Three highlights of China's revised competition law
Alexandr Svetlicinii


Editor's note: Alexandr Svetlicinii is Associate Professor of Law at the University of Macau, where he also serves as program coordinator for the Master of Law in International Business Law in English Language. The article reflects the author's opinions, and not necessarily the views of CGTN.

On June 24, the National People's Congress (NPC) Standing Committee amended the Anti-Monopoly Law (AML) for the first time since its entry into force in 2008. The AML is the basis of China's legal system for protection of market competition and the present note summarizes the key changes and their likely effects on the competition law enforcement in China. The AML amendments, which will enter into force on August 1 and have been adopted after several rounds of public consultations with businesses and other stakeholders, reflect three major themes: innovation, enforcement, and China's internal market.

The concept of innovation was expressly added to the multiple objectives of the AML. To stimulate innovation and protect innovating companies from the monopolistic practices, the legislators have specifically addressed the situation in the digital economy where the innovation is especially relevant for development and growth.

Thus, the businesses were prohibited by the AML from using data and algorithms, technology, financial advantages and platform rules to restrict competition through anti-competitive practices or abuse of dominant position.

In the recent past, the State Administration for Market Regulation (SAMR), which is responsible for the AML enforcement, has observed that several online platforms have failed to notify their mergers, which could result in the lessening of market competition.

The legislators have expanded merger control authority of the SAMR by authorizing it to investigate even those mergers that do not have to be notified under the AML but could result in anti-competitive effects. The AML amendments also instructed the SAMR to adopt a more nuanced classification of mergers and acquisitions that would allow applying different criteria to mergers in different economic sectors.

Another issue addressed by the NPC was the effectiveness of AML enforcement. Previous enforcement experience has demonstrated that businesses frequently do not comply with AML provisions, which has a negative effect on market competition and consumers' well-being.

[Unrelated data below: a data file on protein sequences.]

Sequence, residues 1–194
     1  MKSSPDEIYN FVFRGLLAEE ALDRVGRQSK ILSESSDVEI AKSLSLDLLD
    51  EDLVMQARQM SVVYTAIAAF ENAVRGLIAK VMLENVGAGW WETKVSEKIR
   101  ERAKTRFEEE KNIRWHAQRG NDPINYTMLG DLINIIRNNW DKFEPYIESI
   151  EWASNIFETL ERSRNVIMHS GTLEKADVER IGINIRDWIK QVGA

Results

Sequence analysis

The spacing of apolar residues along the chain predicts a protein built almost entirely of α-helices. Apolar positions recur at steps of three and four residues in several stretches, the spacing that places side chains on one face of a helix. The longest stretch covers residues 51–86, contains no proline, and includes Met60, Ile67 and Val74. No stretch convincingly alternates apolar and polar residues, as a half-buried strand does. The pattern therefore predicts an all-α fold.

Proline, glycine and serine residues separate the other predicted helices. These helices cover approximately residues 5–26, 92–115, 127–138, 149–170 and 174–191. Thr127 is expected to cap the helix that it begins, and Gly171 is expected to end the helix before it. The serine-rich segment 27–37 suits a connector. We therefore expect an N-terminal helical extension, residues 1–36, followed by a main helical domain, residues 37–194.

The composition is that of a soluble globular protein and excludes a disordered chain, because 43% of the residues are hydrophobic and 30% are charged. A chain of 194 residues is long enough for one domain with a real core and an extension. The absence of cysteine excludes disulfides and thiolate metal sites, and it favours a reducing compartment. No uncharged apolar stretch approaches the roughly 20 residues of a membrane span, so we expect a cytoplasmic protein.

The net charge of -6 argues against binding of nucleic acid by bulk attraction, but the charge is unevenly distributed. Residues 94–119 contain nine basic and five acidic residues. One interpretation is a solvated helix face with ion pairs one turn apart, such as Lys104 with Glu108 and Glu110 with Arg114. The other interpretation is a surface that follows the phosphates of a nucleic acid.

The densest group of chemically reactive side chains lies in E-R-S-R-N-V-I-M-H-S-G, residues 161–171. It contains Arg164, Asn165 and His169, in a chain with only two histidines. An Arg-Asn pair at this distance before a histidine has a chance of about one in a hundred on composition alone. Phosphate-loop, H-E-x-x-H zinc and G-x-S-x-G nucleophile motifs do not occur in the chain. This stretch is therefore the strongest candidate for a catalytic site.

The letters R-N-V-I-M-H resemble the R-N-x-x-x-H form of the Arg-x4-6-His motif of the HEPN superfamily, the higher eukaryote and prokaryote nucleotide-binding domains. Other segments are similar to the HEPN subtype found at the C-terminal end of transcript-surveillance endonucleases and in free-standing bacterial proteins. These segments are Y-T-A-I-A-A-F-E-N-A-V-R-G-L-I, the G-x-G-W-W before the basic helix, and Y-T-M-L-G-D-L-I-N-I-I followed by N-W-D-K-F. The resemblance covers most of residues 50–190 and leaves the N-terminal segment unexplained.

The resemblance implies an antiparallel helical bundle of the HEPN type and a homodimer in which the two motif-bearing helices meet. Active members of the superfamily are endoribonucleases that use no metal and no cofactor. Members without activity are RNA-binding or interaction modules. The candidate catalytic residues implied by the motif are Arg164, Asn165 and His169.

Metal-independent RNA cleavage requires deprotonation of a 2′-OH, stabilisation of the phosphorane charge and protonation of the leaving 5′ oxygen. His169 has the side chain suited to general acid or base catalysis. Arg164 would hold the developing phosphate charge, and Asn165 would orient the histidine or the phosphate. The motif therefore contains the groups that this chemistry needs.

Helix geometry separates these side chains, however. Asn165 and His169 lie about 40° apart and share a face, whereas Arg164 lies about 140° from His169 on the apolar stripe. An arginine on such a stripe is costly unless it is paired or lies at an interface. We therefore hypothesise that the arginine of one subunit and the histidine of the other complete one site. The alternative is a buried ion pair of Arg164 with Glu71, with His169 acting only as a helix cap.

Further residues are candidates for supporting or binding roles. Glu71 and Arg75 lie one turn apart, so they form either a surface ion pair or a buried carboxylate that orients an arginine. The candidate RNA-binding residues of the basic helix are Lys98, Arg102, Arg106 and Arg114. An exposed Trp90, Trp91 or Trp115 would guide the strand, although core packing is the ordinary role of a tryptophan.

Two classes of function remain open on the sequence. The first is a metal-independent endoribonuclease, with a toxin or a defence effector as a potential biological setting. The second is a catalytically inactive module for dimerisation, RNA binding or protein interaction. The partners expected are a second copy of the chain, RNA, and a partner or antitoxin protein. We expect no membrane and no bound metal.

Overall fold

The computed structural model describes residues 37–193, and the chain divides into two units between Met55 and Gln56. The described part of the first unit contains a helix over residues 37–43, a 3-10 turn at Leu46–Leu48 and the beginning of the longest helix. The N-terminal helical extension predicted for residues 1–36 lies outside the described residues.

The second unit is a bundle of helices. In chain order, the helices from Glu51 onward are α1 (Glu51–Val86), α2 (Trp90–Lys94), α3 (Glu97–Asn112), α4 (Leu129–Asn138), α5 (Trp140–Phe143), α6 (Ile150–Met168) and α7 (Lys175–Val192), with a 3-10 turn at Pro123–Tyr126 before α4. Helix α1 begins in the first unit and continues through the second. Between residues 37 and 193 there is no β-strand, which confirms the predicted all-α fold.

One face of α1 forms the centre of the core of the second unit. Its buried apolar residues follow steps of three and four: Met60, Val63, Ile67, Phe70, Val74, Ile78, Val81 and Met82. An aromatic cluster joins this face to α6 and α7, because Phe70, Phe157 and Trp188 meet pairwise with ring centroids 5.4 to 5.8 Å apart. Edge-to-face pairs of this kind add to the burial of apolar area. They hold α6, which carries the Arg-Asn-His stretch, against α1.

To give AML more "bite," the legislators have introduced new penalties: now the businesses may be fined by up to 10 percent of the annual turnover for implementing mergers that resulted in anti-competitive effects, or up to 1 percent of the annual turnover for the failure to cooperate during the investigation with AML authorities. Another amendment has introduced a possibility of issuing a "super fine" multiplying the fine amount by two to five times in cases where anti-competitive effects were especially severe.

China's national anti-monopoly bureau was inaugurated in Beijing, November 18, 2021. /Xinhua

China's national anti-monopoly bureau was inaugurated in Beijing, November 18, 2021. /Xinhua

The NPC has also introduced special fines for individuals responsible for AML violations (up to 1 million Chinese yuan or $150,000) and special penalties for the businesses that encourage or support others to enter into anti-competitive agreements prohibited by the AML. Furthermore, public prosecutors were empowered to bring civil public interest lawsuits against businesses who through their anti-competitive practices have affected the interests of a large number of consumers.

Following Chinese government's guidelines on accelerating the building of a unified nationwide market released in April, the NPC has attributed special attention to combatting anti-competitive practices facilitated by local authorities.

First, the AML amendments formalized the practice of fair competition review – a requirement for local authorities to carry out a prior competitive assessment of any regulations they intend to adopt in relation to market activities.

Second, the local authorities were instructed not to abuse their administrative powers by signing cooperation agreements and memorandums with businesses, prevent businesses from entering local markets or implement unequal treatment of different businesses. The SAMR was specifically authorized to investigate possible abuses of administrative power, interview responsible public officials and request the necessary improvements.

The specified AML amendments are indicative of the important role attributed to market competition in stimulating innovation, development and economic growth. By enhancing the effectiveness of the AML through increased penalties and by adapting it to the rapidly changing economic environment, the legislators have reinforced AML as an important tool for safeguarding market competition, promoting entrepreneurial spirit and protecting consumers' interests.  

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